Judge wants no more delays in Kong Choy’s trial
KUALA LUMPUR, May 21 — A High Court judge warned prosecutors against any further delay in Tan Sri Chan Kong Choy’s cheating trial over the Port Klang Free Zone (PKFZ) scandal, pointing out that he did not come to court for “sight-seeing”.
The former transport minister’s trial was today postponed for the third time to October 31.
Deputy public prosecutor Datuk Nordin Hassan told the court that the prosecution needed more time to come to a final decision regarding a letter of representation sent to them by the defence on March 20.
Chan’s lead lawyer Datuk Tan Hock Chuan said he had no objections to the application.
Justice Zamani Abdul Rahim, who now based in Penang, said it was the third time he had to travel to the capital city to hear the case.
“I did not come down to ‘makan angin’ (sight-seeing),” the trial judge told the court, adding, “I am ready to proceed with the case at any time.”
“I hope this date will be the final date to determine whether the representation will be accepted or not,” he said.
Zamani was reported saying he did not wish the court system to be seen as inefficient and unprepared to handle the case.
The judge vacated the previous scheduled dates for the trial and fixed October 31 as the new mention date.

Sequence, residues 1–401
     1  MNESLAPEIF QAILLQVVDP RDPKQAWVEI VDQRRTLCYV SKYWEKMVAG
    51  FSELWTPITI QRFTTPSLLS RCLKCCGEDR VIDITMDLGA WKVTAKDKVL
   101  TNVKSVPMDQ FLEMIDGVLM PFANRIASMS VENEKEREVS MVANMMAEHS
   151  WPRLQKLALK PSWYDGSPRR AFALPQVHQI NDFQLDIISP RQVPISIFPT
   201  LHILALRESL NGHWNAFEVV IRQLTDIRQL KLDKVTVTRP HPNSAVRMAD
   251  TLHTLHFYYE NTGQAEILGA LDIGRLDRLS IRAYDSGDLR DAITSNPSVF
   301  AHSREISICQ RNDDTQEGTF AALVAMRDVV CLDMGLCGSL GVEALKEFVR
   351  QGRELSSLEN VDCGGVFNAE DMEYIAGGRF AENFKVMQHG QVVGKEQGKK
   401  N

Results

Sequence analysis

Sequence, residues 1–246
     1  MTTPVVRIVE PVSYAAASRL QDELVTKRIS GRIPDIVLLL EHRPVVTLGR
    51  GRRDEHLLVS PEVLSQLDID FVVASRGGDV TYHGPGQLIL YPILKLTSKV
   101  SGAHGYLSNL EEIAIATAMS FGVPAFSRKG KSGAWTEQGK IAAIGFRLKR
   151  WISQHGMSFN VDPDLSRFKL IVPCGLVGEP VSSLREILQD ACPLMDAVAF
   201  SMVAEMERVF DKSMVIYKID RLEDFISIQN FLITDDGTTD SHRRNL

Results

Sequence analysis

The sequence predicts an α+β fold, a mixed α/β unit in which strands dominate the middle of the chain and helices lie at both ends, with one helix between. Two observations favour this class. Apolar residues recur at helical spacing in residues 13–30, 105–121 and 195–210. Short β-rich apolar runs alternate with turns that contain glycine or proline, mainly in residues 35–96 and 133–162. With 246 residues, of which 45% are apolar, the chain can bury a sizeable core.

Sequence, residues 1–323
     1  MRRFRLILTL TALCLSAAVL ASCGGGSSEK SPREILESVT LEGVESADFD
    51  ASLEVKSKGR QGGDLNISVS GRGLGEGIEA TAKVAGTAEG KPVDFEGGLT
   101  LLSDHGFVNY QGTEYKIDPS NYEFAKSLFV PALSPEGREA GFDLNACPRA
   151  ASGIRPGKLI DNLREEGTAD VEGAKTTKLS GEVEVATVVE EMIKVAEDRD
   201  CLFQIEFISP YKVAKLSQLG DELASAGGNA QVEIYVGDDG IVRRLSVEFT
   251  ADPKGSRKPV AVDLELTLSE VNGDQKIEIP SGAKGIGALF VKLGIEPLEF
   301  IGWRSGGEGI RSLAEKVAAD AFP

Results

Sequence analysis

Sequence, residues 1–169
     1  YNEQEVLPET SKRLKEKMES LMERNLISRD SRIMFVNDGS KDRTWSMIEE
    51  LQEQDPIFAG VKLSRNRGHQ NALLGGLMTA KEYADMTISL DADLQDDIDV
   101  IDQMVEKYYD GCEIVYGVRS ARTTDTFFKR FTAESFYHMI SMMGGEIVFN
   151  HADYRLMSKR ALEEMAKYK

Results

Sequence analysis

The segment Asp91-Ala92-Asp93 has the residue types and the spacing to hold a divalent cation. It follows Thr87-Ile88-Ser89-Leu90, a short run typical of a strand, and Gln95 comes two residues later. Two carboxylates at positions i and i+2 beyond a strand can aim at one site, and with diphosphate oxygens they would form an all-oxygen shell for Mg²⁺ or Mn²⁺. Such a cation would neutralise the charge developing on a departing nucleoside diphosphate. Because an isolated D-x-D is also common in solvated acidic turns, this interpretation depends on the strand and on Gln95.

Since December 2009, six individuals have been charged over the PKFZ scandal including former MCA president Tun Dr Ling Liong Sik and his successor as transport minister, former MCA deputy president Chan, who is also accused of lying to the Cabinet.
Chan was charged in the Sessions Court in Putrajaya on February 28 last year with three counts of cheating then-Prime Minister Tun Abdullah Ahmad Badawi of a whopping RM1.9 billion over the trans-shipment project between 2004 and 2006.
He faces up to five years’ jail on each count.
The project was initially tagged at RM1.1 billion after it was mooted by Dr Ling in 1997, but more than quadrupled to RM4.6 billion by 2007.
A position review by top accounting firm PricewaterhouseCoopers revealed in 2009 that the total cost including interest from debt repayments could reach RM12.5 billion.